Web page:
Most parts of Indian occupied Kashmir were completely shut down today in response to a call by Kashmiri leaders to boycott Indian elections. They refuse to accept that they are part of India and have denounced Indian elections as a “sham.” They want a referendum to determine their own future.
Monday April 21, 2014, 17:57 DST
India has as fine sense of democracy. When Kashmiri leaders called for boycott of what they called India’s sham elections, the occupation forces quickly rounded them up. Others were placed under house arrest.
This immediately led to a complete shutdown in Srinagar. Shops, businesses, and educational institutions remained close today in Srinagar as well as in other towns and cities in Kashmir in response to a strike call by the veteran Kashmiri resistance leader, Syed Ali Geelani.
He has remained under house arrest for months because he refuses to accept Indian occupation of the state and insists on a referendum to be held in Jammu and Kashmir to determine the wishes of the people. He also issued a call to boycott the polls that started on April 7 and will end on May 12 in India. In Kashmir, these are scheduled to begin on April 24 and will be held in phases—on April 30 and May 7.
Turnout in elections in Kashmir is often minimal because people have no attachment to India and, therefore, faith in such elections. Since they do not consider themselves to be part of a political entity, they feel no desire or urge to participate in elections.
The Indian occupation regime while claiming to be holding a democratic exercise, indulges in horrible crimes against the Kashmiris. Death and other casualty statistics paint a grim picture of reality under Indian occupation. There are 700,000 heavily-armed troops in Kashmir. Since the start of the latest uprising in Kashmir in December 1989, at least 100,000 people have been murdered by the occupation forces. More than 10,000 women have also been gang-raped.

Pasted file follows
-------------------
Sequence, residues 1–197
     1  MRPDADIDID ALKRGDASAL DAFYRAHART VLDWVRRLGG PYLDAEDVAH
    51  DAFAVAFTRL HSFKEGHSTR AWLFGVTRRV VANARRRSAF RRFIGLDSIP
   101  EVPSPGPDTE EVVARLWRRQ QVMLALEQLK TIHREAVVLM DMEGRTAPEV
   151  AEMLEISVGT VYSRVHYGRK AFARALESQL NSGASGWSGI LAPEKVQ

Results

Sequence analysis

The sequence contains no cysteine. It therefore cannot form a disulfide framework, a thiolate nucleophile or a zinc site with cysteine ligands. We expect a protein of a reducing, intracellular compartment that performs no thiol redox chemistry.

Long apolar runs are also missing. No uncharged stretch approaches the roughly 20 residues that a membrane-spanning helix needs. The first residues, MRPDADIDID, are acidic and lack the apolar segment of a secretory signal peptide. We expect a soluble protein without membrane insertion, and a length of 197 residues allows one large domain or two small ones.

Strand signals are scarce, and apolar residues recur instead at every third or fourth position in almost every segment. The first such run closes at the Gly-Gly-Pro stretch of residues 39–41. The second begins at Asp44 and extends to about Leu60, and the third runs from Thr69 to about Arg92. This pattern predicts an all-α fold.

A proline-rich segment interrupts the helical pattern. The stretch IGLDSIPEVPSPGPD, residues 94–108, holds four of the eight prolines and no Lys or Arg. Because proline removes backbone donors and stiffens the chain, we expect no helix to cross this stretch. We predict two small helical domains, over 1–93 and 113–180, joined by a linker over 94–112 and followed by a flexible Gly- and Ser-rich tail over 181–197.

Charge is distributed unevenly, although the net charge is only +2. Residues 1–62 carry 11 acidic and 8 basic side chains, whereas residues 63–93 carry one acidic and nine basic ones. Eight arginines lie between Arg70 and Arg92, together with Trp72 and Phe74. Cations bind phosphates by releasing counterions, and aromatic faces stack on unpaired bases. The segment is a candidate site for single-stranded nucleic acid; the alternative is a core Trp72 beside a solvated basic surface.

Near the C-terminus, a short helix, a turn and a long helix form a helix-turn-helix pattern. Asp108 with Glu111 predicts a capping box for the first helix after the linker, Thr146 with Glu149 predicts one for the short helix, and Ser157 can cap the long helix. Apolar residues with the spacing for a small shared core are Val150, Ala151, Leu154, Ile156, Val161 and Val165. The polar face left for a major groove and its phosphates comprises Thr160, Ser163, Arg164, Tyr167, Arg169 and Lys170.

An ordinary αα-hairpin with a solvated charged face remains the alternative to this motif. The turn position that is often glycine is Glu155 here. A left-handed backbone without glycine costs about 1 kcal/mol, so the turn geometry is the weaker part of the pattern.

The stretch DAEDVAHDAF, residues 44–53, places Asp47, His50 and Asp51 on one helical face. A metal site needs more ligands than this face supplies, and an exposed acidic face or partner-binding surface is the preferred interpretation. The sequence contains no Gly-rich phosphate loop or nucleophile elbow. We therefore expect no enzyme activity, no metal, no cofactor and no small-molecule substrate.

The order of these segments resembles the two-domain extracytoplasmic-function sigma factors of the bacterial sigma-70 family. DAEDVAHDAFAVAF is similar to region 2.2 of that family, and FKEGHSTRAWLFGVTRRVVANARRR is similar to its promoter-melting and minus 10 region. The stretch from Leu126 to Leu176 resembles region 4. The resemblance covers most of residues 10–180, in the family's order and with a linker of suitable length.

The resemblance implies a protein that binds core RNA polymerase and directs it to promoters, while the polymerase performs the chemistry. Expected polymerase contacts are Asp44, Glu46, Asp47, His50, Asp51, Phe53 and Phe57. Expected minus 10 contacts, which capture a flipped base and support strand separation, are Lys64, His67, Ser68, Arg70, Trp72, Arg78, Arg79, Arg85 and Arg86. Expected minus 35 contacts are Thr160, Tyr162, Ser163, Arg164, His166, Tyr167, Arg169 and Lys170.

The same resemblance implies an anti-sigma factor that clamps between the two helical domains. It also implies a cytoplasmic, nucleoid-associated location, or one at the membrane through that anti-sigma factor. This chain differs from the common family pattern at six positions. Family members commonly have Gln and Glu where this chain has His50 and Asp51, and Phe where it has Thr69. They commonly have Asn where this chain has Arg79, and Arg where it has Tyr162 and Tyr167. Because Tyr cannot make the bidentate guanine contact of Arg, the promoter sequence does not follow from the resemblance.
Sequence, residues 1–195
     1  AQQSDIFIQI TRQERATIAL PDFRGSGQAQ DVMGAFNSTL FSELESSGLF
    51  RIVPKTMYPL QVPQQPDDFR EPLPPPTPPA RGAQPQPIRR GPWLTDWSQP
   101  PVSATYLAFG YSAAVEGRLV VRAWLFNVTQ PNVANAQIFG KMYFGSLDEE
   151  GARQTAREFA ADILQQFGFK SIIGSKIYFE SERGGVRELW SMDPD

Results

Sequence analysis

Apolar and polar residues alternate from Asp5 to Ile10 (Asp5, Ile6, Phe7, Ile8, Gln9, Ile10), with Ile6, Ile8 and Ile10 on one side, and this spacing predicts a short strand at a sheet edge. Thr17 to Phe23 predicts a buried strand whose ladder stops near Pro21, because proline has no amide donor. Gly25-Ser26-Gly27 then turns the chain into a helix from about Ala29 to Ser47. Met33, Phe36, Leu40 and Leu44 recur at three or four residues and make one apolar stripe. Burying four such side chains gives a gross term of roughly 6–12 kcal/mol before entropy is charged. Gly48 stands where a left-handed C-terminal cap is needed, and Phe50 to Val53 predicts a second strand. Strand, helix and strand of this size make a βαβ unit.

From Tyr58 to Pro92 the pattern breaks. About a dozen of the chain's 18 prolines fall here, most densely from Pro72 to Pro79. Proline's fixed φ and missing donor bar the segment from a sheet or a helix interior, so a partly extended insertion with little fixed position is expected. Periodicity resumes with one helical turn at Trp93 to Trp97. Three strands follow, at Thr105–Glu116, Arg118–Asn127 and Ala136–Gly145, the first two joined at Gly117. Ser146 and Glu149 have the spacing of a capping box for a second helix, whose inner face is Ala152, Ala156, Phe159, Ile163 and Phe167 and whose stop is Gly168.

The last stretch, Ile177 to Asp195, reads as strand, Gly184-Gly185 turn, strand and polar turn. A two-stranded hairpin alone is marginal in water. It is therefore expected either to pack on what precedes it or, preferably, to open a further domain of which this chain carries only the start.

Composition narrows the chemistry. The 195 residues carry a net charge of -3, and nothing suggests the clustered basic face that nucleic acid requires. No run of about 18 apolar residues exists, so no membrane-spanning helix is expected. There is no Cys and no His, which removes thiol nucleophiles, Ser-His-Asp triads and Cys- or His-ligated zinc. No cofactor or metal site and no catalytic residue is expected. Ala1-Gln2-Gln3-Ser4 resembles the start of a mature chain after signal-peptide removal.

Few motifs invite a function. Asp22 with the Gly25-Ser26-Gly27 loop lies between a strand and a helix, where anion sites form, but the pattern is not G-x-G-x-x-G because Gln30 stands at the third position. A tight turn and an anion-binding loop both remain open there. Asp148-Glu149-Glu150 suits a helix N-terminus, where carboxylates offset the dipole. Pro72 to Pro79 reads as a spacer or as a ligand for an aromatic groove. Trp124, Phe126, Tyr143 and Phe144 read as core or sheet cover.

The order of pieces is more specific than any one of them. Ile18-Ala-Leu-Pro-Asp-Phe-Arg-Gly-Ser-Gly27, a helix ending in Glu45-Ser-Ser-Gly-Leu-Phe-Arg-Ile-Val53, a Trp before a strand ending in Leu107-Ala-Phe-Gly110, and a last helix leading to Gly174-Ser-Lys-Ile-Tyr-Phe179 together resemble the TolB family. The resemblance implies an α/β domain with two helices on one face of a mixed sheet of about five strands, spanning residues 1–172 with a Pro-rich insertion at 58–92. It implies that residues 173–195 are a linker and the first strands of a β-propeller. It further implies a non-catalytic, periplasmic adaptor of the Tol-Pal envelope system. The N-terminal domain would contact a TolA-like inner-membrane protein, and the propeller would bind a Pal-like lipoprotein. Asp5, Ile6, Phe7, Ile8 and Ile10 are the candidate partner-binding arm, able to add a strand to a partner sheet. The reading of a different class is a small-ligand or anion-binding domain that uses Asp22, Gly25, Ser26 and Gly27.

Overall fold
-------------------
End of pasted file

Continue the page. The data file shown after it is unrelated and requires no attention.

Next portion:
The people of Kashmir not only protest against such crimes but they also hold frequent seminars to highlight the plight of those suffering the brutal occupation.
Even their friends around the world have started to organize to highlight the plight of the Kashmiris. An International Solidarity Conference on Kashmir is scheduled for May 24, 2014 in Toronto, Canada at which a number of International speakers as well as civil society leaders will participate.
Last January, the Canadian Peace Alliance (CPA), an umbrella group of more than 560 Canadian peace organizations, student bodies and other groups, passed a unanimous resolution in support of the Kashmiris’ right to self-determination. Such activities need to be broadened and taken on to university campuses to highlight the suffering of the Kashmiris and to expose the brutal nature of what is erroneously referred to as the “largest democracy” in the world.
The people of Kashmir have demonstrated time and again that they reject their state’s occupation by India and will settle for nothing less than a free and impartial referendum to determine their wishes.
A country that lays claim to being the world’s “largest democracy” is afraid to undertake this most democratic process. What kind of a democracy is India?